Morning Mass

And even another picture of the photographer

St. Peter's Church is the Mother Church of New York as it is the oldest parish in New York City and State, first established in 1785. The cornerstone of the present Greek Revival building with six columns was laid in 1836.

Interior of Old St. Peter's Church, the church was consecrated in 1885.

Wall behind the altar of St. Peter's Church showing the crucifixion of both Christ and St. Peter. Peter was crucified upside down after he reputedly stated that he was not worthy to die as Jesus did.

Elizabeth Ann Bayley Seton was received into the Catholic Church at St. Peter's and made her First Communion in 1805, received Confirmation in 1806, and was canonzied in 1975.

Rear of St. Peter's Church showing the balcony where Pierre Toussaint (1766-1853), 'Catholic Negro layman member of Old St Peter's Parish for 66 years revered for his exemplary life and many good works of charity' would have worshipped before desegragation. Pierre was born a Catholic slave in Haiti and has been declared Venerable by Pope John Paul II in 1996, the second step toward sainthood.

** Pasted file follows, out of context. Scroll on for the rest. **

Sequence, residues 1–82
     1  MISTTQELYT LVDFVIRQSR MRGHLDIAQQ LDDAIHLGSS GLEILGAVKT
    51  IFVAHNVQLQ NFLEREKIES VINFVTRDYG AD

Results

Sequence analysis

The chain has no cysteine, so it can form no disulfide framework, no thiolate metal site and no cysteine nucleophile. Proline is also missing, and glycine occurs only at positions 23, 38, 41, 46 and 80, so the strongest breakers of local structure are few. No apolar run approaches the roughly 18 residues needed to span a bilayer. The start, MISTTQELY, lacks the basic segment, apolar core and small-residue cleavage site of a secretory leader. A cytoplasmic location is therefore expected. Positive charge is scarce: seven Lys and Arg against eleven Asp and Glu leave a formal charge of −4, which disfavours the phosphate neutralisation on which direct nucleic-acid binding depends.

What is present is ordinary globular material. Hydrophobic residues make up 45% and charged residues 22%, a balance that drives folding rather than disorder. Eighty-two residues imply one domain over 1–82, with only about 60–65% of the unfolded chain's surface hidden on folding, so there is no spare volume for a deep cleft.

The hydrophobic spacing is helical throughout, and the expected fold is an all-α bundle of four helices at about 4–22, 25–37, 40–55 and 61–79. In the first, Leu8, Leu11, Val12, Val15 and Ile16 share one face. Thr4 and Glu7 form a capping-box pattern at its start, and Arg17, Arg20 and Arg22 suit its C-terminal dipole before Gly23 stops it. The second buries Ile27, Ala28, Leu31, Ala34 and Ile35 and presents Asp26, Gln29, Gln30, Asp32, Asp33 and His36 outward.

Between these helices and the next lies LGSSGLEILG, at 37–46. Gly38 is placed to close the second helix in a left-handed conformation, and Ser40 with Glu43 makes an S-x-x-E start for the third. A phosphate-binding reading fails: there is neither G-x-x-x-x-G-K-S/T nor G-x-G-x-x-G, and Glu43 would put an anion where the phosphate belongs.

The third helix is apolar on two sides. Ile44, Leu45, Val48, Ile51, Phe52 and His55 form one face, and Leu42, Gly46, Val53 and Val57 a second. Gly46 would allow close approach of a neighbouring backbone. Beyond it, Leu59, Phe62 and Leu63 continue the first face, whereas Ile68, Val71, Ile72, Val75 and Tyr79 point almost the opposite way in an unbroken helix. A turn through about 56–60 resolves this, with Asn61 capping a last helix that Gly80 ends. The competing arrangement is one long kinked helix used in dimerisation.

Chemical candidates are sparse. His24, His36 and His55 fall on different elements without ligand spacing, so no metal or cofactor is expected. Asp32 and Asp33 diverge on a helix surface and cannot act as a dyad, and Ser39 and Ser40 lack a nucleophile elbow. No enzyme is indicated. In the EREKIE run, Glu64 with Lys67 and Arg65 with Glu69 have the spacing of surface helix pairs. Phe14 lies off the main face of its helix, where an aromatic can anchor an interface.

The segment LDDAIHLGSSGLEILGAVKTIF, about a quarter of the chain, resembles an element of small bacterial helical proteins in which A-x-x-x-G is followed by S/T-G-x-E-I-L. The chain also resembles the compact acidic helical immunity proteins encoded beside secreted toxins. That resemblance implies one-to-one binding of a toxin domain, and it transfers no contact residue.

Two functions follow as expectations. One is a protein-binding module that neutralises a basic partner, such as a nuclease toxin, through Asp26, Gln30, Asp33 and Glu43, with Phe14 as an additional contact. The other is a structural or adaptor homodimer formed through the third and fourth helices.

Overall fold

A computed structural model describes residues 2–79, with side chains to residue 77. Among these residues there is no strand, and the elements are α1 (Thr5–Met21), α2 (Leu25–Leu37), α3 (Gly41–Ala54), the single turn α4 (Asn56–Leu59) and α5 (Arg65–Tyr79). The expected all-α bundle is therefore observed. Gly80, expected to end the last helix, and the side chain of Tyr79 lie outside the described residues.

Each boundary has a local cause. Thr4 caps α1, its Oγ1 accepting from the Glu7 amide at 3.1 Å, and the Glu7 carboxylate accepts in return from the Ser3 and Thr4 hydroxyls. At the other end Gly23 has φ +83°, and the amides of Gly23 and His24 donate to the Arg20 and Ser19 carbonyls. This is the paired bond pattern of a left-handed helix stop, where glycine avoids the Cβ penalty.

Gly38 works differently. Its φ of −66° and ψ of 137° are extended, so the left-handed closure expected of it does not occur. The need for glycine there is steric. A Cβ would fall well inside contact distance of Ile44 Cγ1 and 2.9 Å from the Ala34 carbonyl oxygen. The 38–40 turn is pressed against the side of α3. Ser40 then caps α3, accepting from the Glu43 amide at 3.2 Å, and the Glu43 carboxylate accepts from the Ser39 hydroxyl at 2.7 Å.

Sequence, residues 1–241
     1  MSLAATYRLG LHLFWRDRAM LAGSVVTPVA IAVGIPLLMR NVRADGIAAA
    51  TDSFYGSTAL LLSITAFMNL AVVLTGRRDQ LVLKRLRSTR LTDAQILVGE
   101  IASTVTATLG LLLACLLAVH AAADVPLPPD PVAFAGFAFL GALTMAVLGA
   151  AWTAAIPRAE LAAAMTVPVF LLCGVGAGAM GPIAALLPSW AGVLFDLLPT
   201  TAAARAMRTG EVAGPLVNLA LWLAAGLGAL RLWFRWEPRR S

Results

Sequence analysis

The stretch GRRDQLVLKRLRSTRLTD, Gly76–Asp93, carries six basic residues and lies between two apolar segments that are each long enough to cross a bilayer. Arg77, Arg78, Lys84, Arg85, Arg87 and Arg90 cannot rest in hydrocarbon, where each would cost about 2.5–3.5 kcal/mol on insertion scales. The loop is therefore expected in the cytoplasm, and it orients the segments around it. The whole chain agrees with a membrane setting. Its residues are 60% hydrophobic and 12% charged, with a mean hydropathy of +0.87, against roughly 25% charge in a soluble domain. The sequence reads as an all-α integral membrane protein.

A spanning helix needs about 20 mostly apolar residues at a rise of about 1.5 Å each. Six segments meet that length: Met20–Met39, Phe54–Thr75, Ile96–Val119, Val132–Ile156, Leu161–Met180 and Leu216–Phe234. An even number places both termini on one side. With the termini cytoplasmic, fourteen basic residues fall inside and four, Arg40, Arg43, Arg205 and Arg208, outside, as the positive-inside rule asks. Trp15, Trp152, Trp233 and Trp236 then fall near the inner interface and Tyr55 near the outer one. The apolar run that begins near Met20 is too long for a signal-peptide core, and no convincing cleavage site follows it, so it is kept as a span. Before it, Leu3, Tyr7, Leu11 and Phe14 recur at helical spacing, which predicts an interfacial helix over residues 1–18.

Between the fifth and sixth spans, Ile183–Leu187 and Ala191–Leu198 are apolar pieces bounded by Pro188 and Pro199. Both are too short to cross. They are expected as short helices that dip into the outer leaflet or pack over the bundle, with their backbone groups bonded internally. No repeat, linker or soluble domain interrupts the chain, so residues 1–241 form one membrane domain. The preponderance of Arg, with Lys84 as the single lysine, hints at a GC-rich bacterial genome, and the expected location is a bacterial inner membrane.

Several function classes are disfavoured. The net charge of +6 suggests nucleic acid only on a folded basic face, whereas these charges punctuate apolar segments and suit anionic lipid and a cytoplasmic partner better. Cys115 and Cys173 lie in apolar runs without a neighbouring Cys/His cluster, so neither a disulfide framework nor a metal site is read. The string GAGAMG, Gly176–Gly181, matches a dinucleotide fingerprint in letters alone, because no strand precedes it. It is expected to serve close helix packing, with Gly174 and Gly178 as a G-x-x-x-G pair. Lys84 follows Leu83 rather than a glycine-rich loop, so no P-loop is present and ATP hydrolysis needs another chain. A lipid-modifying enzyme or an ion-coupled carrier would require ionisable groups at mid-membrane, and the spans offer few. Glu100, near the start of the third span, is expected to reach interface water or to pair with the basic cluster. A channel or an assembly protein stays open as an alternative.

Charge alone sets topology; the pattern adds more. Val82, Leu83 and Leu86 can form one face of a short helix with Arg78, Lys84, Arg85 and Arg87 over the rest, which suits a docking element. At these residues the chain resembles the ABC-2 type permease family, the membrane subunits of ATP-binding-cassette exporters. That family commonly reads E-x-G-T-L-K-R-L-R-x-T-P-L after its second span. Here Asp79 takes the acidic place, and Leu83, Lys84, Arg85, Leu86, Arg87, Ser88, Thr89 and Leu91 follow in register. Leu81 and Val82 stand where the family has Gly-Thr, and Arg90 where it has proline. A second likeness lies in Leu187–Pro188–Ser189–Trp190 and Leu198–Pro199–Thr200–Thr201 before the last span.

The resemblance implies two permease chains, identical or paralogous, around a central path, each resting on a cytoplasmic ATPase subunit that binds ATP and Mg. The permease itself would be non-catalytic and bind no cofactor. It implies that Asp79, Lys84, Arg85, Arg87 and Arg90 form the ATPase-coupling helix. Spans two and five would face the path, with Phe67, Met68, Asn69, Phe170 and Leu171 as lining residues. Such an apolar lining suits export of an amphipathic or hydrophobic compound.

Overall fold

The Cross at Ground Zero, girder that had been part of a building at the World Trade Center, was found on September 13, 2001, blessed on October 4, 2001 and temporarily relocated to the side of St. Peter's Church on October 5, 2006. The cross will be moved to the National September 11 Memorial & Museum when it is completed.

Ongoing work at the site of the September 11, 2001 attack.

The steeple of St. Paul's Chapel in the background of the World Trade Center site.

St. Paul's Chapel, completed in 1766, is Manhattan's oldest public building in continuous use and its remaining colonial church. The chapel survived the fire that swept Manhattan on September 21, 1776, destroying over 500 structures and was host to President George Washington on Inauguration Day, April 30, 1789.

Graveyard of St. Paul's Chapel, Trinity Parish.

After September 11, 2001, the wrought iron fence surrounding St Paul's was transformed into a spontaneous memorial when thousands of visitors posted ribbons and numerous personal items.

The Bell of Hope was created by Whitechapel Foundry which had cast the Liberty Bell and London's Big Ben. The pedestal base was built locally from eastern brownstone, one of the most recognizable materials used in New York City buildings. Inlaid on top of the pedestal, directly beneath the bell is a brass footprint of the World Trade Center Towers. The bell was presented on September 11, 2002 and is in recognition of the enduring links between the city of London and the city of New York. It has been rung on every anniversary of Sept. 11 and also on the days of terrorist attacks internationally symbolizing the triumph of hope over tragedy.

Group picture New York City 2008

 

  Photography and Captions by Sharon Seckens